As your friend goes through the stages of grieving (Denial, Anger, Bargaining, Sadness, and Acceptance), it is important for you as a friend to do one thing: listen to them. Too many people try to help the grieving by saying what they think they should say, rather than what the grieving person needs them to say.

You are right that it's hard for your friend to see how they will feel better soon. Right now they're in the process, and don't see the end of it. I find that saying things like "It's all for the better" and "It's part of God's plan" really don't help them move along. Instead, I sometimes encourage them to talk about the person they lost and share good memories.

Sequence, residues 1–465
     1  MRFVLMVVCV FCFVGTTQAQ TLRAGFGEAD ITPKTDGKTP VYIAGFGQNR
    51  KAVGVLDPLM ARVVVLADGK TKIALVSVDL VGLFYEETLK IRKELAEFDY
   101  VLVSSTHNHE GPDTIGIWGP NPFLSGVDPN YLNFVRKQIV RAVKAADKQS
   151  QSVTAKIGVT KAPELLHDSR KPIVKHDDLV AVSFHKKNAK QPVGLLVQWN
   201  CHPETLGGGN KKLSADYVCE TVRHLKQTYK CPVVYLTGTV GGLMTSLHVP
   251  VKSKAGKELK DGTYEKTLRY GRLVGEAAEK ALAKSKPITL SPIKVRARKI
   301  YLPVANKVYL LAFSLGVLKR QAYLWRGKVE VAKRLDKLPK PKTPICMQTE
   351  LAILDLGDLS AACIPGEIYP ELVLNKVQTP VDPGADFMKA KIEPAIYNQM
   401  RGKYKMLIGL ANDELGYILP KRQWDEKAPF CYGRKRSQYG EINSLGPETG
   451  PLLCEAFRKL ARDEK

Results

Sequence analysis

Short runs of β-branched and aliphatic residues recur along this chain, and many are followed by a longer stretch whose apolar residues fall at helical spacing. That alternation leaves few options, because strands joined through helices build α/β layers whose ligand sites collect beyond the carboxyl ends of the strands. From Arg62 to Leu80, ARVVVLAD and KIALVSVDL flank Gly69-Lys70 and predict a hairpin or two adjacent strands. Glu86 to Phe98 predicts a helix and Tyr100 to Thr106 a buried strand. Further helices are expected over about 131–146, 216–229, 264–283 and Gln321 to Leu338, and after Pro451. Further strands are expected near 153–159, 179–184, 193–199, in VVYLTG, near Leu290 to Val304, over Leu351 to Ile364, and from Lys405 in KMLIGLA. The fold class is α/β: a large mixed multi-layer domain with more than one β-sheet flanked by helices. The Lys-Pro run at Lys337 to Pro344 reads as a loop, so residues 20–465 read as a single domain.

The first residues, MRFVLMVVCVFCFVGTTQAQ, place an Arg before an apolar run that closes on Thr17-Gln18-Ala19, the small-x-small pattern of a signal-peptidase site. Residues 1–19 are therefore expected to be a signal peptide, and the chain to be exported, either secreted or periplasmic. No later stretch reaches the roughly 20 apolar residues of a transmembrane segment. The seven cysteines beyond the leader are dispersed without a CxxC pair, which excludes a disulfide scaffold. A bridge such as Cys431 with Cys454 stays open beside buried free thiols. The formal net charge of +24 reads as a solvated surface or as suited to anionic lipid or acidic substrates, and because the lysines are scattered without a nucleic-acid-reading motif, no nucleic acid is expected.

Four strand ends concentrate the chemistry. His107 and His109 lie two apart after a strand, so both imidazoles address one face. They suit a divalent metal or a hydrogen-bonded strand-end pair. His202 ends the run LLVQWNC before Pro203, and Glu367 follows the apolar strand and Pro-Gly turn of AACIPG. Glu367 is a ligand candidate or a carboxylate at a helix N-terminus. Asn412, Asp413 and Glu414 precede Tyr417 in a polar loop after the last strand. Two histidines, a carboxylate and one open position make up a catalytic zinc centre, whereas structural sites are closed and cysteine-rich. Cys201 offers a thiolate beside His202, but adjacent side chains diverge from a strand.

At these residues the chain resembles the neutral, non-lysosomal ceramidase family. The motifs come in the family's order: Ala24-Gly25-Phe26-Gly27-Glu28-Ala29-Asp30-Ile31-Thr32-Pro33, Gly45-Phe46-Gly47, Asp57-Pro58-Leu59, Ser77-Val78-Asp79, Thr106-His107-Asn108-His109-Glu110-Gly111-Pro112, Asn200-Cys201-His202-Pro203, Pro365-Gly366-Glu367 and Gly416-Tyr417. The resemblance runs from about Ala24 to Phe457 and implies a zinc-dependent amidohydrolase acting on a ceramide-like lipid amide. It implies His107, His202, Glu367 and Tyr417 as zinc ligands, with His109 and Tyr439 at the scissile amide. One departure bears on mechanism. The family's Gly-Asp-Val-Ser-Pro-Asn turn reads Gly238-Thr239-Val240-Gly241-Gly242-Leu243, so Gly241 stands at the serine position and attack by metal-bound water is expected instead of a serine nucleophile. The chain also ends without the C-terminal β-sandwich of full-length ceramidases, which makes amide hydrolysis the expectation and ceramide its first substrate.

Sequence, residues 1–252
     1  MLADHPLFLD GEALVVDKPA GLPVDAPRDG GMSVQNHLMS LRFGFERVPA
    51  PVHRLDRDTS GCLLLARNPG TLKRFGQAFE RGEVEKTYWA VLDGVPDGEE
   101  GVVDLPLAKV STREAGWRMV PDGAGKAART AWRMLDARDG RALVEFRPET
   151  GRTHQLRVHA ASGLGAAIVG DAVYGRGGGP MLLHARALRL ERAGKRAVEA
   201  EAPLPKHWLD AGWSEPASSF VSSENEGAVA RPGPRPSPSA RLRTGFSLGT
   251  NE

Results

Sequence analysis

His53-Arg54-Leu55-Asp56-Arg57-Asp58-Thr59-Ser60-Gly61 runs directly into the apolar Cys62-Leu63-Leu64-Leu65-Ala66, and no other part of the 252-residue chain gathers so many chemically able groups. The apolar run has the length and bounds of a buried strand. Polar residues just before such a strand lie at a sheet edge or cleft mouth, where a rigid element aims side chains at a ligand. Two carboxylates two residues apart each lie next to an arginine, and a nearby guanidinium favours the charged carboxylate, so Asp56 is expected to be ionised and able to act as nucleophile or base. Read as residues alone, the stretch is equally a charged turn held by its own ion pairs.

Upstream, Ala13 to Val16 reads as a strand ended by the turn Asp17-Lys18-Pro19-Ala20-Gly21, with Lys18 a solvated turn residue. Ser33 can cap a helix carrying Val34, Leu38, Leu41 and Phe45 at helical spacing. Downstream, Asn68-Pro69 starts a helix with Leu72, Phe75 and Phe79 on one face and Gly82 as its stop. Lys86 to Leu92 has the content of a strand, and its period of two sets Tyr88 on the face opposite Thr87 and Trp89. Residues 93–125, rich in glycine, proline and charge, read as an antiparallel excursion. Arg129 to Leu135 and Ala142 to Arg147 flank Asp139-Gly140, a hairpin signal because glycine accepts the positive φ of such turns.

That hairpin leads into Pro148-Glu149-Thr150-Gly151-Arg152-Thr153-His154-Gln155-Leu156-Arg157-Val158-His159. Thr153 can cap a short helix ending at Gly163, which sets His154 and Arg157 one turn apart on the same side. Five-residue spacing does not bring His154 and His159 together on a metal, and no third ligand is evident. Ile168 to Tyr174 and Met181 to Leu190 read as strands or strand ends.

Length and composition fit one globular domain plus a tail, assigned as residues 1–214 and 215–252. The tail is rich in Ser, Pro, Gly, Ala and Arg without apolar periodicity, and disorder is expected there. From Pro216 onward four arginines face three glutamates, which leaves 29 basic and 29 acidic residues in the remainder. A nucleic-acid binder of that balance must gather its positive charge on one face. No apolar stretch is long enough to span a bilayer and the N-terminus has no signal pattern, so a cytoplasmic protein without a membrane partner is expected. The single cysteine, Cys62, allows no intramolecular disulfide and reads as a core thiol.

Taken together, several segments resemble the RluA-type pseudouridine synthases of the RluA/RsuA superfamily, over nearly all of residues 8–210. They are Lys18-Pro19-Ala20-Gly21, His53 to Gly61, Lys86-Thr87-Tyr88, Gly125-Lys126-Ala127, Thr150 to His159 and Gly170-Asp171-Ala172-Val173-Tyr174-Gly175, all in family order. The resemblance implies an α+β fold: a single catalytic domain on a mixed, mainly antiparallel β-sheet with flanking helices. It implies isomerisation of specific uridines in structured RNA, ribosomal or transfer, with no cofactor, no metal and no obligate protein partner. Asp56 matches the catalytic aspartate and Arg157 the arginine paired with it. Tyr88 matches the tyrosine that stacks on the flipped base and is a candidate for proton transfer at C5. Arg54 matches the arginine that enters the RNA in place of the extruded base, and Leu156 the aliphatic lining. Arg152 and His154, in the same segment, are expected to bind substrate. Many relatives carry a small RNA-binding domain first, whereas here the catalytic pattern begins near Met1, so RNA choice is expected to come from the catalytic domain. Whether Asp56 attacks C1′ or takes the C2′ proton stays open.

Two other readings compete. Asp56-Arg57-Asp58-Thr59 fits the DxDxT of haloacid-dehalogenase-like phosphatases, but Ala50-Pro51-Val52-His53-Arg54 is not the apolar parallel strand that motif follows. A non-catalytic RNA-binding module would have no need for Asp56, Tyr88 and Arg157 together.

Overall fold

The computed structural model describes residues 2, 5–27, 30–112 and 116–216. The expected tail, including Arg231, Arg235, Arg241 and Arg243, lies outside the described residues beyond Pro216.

Instead of trying to say something comforting, and I repeat myself: listen. Be there for your friend. I don't know either of you and am not sharing in the grief, so I can't say "this is what you say". Instead, be there. Let them talk. If they cry, let them cry. You can't change how they feel, but you can validate it and tell them that it's normal to feel that way (as long as they are doing normal grieving and not stuck for extended periods in one phase).